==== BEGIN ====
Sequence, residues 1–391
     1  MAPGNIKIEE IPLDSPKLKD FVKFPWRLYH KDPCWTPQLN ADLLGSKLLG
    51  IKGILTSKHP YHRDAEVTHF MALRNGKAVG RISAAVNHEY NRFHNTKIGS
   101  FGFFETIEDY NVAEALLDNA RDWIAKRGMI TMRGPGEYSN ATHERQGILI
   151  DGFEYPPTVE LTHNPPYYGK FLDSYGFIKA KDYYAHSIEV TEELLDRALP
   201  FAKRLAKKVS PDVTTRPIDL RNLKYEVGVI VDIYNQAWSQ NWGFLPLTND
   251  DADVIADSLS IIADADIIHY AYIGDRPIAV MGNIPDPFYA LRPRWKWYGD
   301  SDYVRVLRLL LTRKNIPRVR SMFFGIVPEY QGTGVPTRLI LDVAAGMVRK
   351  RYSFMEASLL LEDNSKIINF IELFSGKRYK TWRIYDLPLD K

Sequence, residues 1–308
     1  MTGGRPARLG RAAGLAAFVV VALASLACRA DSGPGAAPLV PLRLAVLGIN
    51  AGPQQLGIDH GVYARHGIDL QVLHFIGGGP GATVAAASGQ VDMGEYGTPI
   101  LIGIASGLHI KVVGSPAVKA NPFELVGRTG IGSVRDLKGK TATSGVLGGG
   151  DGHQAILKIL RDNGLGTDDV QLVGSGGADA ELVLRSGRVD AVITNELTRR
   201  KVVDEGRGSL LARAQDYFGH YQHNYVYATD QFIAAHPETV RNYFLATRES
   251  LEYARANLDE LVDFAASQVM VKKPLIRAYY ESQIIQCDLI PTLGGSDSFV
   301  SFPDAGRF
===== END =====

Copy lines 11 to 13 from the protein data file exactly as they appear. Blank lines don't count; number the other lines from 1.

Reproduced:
     1  MTGGRPARLG RAAGLAAFVV VALASLACRA DSGPGAAPLV PLRLAVLGIN
    51  AGPQQLGIDH GVYARHGIDL QVLHFIGGGP GATVAAASGQ VDMGEYGTPI
   101  LIGIASGLHI KVVGSPAVKA NPFELVGRTG IGSVRDLKGK TATSGVLGGG